Sports

Source: Chandler Jones did not overdose

New England Patriots defensive end Chandler Jones pauses during warm-up's before an NFL football game Sunday, Sept. 21, 2014, in Foxborough, Mass. (AP Photo/Elise Amendola)

AP

Chandler Jones.

FOXBOROUGH — Chandler Jones had a bad reaction to synthetic marijuana leading to his admittance to Norwood Hospital Sunday, a source familiar with the situation told the Globe Wednesday.

The source said Jones lives near the Foxborough police station and walked there to seek help after he had the reaction.

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The source added that Jones was at the Patriots facility lifting weights at 6:30 a.m. Monday. The team had previously confirmed that Jones was on time for work that morning and hasn’t missed any meetings or practices.

Synthetic marijuana is known to be capable of causing extreme anxiety, altered perception, confusion, and paranoia, according to the National Institute on Drug Abuse.

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Despite its name, the substance does not contain marijuana. It is usually sold as chemicals that have been sprayed on dried, shredded plant material or as liquid incense to be vaporized and inhaled in devices such as e-cigarettes.

For the third straight day Jones, recently named to his first Pro Bowl, was in his accustomed spot at the far end of the practice field behind Gillette Stadium, high-stepping his way through wind sprints and participating in stretching. Jones was listed on the team’s injury report as limited (abdomen/toe).

All eyes were on Jones, a day after the report surfaced that he had suffered a “medical emergency” according to Foxborough police department logs.

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A recording of fire dispatch communications from broadcastify.com that was posted on heavy.com described a “confused party’’ arriving at the station at 7:42 a.m., the time when the log indicates Jones got there.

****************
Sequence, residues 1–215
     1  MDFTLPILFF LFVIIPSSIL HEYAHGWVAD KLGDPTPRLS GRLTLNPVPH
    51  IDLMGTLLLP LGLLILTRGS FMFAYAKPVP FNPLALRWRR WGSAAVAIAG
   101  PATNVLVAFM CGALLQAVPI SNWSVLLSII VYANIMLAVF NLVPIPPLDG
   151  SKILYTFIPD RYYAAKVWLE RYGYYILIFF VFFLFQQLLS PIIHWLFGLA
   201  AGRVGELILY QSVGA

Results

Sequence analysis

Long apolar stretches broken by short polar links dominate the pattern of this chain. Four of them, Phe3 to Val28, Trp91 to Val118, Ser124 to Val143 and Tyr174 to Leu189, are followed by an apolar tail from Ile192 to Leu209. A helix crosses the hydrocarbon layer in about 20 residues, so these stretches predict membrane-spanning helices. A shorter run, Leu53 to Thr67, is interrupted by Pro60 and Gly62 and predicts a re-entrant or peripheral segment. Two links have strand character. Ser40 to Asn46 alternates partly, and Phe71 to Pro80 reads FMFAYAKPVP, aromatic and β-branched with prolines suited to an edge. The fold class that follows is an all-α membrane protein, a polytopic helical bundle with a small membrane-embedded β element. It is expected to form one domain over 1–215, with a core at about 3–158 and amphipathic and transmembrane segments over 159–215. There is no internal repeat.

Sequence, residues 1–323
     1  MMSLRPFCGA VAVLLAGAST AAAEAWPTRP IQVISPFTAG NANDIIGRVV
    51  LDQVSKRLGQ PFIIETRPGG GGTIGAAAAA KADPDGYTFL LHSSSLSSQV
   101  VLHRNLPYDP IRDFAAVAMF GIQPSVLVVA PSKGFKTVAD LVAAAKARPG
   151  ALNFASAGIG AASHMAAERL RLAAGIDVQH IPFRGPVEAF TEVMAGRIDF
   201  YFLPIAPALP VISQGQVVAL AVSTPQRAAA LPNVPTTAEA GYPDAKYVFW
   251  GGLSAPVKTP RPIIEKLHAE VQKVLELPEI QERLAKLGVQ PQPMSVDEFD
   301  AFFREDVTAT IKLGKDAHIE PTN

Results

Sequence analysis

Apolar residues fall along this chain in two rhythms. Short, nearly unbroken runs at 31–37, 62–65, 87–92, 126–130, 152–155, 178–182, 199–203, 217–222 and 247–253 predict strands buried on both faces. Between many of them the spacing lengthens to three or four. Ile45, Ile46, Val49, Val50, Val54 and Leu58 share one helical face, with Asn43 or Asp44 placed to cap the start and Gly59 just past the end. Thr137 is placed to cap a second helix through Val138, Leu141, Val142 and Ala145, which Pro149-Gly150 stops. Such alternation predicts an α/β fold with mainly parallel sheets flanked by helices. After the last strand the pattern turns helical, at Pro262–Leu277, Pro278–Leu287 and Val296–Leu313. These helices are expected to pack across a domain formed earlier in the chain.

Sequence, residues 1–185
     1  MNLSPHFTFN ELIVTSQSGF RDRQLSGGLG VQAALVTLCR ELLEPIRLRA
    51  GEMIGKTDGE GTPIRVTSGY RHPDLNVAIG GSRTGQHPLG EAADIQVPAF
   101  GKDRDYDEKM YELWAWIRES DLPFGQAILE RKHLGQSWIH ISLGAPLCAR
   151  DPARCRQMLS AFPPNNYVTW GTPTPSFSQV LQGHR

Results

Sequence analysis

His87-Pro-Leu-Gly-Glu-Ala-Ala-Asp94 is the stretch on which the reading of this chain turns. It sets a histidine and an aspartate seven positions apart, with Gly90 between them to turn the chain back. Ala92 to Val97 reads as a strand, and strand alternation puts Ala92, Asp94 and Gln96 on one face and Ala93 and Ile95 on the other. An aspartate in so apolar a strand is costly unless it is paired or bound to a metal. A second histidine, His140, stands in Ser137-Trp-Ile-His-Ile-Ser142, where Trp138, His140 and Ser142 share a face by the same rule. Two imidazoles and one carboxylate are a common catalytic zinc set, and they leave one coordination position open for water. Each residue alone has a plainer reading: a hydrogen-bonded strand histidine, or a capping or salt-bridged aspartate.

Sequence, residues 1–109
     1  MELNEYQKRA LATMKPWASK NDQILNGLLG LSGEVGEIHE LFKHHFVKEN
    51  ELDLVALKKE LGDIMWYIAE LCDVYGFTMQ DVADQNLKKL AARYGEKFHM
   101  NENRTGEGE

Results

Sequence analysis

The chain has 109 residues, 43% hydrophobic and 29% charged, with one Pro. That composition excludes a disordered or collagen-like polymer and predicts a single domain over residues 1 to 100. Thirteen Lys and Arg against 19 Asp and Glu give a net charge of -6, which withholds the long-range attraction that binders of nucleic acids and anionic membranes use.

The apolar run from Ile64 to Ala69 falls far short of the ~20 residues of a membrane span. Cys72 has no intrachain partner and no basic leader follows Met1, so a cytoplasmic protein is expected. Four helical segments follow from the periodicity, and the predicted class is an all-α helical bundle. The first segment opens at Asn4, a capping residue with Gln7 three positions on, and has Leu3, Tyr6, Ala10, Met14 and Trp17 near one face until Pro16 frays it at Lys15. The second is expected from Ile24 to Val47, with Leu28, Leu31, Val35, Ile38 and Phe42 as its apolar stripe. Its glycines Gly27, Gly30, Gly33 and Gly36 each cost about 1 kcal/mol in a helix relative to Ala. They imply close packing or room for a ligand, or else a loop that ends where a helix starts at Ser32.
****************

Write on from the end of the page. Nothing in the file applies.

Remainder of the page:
In addition to being transported to the hospital after an evaluation, an officer was sent to “secure the residence’’ according to the log.

That officer tells the dispatcher, “If you want to just pass along to the fire, he was definitely involved with Class D, delta, before this happened, just so they know.”

Class D substances include marijuana.

The NFL is aware of the Jones situation and will review it.

According to Rule 1.4.1 from the NFL’s Policy on Substances of Abuse, Jones could get entered into Stage I of the NFL drug-testing program if he gets a citation for using synthetic marijuana.

Jones was unavailable Wednesday to reporters, who had access to the locker room before practice. Further efforts to reach him were unsuccessful.

Though most teammates chose not to comment on Jones’s situation, they all expressed support for their teammate.

“I certainly don’t know enough to comment at all on that situation but I will say this: As a member of this team we support all 50, 60 guys on this team,’’ said Matthew Slater, one of the team’s captains. “We have their backs, regardless of the situation, and that’s no different with Chandler. He has our support. I don’t know enough about the situation — nor do I have the right — to comment on that.’’

A team that is well-versed in dealing with off-field distractions seemed to be doing just that Wednesday.

“We just ignore it,’’ said safety Duron Harmon. “I think Coach [Bill] Belichick just does a great job of just really like brainwashing you. To let you know there’s certain things that we need to care about and certain things that we need to just let be. And he does a great job.’’

Harmon, who said Jones hadn’t addressed his teammates about the situation, said the team specializes in focusing on football.

“We just try to ignore all the distractions. Whether it’s [Jones’s] situation or Deflategate or any other situation,’’ said Harmon. “When we come in this building we ignore the noise, focus on what we can focus on, get better, and just continue to grind.’’

When Harmon was asked if there was concern in the room for Jones, he responded with a firm yes.

“Defintely. It’s a family here,’’ he said. “I care for everybody. I love everybody in this organization. The way we sit here and have fun together. The way we play football together. We go out there and play for each other. Everybody here cares for each other and we just like to keep it in-home.’’

Receiver Danny Amendola echoed his teammates’ comments as they rally around their star defensive end, who led the Patriots with a career-high 12.5 sacks.

“Chandler’s got a lot of great support in this locker room,’’ said Amendola. “He’s a great football player and we’re excited to see what he does this week.’’

Slater responded “certainly’’ when asked if there was a responsibility for teammates to keep the focus on the field.

“I think we have to hold one another accountable and understand how hard we’ve worked to get in this position. The price that we’ve paid,’’ said Slater. “And we don’t want to take this opportunity for granted.’’

Bob Hohler, Ben Volin, and Astead W. Herndon of the Globe staff contributed to this report.
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